After their separation, George Sand asked for news of Chopin from their mutual friend Pauline Viardot, and said that she was unable ‘to repay his furor and hate. I think of him often as a sick child, embittered and lost.’ Jeremy Siepmann’s subtitle, The Reluctant Romantic, is the theme of his biography, in which he sets out to demystify Chopin’s career and replace some of the romantic images of him with a more realistic appraisal of his career.
The success of any book about a composer must be judged by the reader’s reaction – while following the story, does one hear the music in the mind’s ear, and does the author send one to play the music, or if that is impossible, at least to listen to it? Siepmann succeeds admirably, for he never lets the music stray too far out of reach, even when the more sensational parts of the Chopin – Sand affair are being dealt with. He punctuates the biography with short ‘interlude’ chapters dealing with specific groups of compositions, so that Chopin’s life is seen all along within the context of a modern view of his music.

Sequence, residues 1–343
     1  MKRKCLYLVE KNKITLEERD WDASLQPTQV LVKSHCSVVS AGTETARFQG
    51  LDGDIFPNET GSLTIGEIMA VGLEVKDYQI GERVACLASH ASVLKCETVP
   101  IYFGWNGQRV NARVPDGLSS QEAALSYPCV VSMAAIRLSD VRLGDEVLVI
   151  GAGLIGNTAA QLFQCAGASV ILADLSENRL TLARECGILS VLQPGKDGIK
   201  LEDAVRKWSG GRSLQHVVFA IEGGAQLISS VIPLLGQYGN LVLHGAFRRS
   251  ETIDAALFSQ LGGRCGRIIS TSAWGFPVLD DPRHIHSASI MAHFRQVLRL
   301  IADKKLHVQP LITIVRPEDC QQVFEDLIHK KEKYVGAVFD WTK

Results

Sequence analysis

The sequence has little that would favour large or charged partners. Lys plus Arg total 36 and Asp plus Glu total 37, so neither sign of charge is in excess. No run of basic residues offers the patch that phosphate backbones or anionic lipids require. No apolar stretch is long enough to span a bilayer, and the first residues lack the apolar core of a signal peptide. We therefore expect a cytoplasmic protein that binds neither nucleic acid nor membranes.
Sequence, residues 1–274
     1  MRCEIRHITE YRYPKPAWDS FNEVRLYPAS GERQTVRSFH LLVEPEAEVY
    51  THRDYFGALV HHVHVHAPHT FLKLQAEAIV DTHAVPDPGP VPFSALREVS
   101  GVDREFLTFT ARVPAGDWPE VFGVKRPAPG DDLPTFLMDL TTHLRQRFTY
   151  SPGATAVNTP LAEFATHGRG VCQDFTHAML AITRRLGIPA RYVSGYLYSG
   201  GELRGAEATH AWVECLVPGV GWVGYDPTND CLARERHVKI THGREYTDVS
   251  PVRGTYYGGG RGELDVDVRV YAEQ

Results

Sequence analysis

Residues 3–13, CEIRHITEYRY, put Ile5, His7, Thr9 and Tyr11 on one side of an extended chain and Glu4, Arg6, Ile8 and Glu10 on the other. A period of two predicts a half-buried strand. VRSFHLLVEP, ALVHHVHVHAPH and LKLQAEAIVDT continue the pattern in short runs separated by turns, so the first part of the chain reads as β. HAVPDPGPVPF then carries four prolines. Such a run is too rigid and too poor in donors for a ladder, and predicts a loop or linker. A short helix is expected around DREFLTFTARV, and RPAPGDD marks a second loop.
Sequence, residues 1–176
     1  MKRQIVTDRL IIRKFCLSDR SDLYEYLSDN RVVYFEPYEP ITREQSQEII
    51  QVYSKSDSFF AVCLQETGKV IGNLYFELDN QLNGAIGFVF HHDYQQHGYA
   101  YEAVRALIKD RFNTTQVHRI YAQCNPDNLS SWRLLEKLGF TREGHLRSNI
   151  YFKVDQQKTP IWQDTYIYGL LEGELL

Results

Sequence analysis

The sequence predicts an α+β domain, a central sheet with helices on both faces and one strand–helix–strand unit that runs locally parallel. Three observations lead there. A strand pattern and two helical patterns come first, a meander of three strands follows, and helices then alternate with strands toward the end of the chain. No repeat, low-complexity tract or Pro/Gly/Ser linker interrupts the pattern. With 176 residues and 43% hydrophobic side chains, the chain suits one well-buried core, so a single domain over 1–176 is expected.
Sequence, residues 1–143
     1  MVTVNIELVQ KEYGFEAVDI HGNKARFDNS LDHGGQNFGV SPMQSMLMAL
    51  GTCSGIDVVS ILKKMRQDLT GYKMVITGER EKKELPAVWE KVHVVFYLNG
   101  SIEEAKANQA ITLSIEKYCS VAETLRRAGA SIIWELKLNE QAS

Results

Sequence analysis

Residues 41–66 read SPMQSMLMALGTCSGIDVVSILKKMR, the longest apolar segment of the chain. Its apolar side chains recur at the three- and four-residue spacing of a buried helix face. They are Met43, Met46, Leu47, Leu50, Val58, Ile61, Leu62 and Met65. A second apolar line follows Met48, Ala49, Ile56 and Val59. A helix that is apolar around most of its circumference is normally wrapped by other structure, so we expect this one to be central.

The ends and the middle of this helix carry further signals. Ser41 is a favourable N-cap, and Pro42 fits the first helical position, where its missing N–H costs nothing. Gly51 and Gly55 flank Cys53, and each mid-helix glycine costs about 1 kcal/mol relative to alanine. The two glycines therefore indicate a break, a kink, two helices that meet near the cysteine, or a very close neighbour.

The Victorians regarded Chopin as a ladies’ composer, and even as late as the 1900s the then respected German critic Oscar Bie wrote: ‘Chopin’s ... sorrowful chords ... do not occur to healthy, normal persons’, and he warned against the ‘very bad habit’ of placing ‘this poet in the hands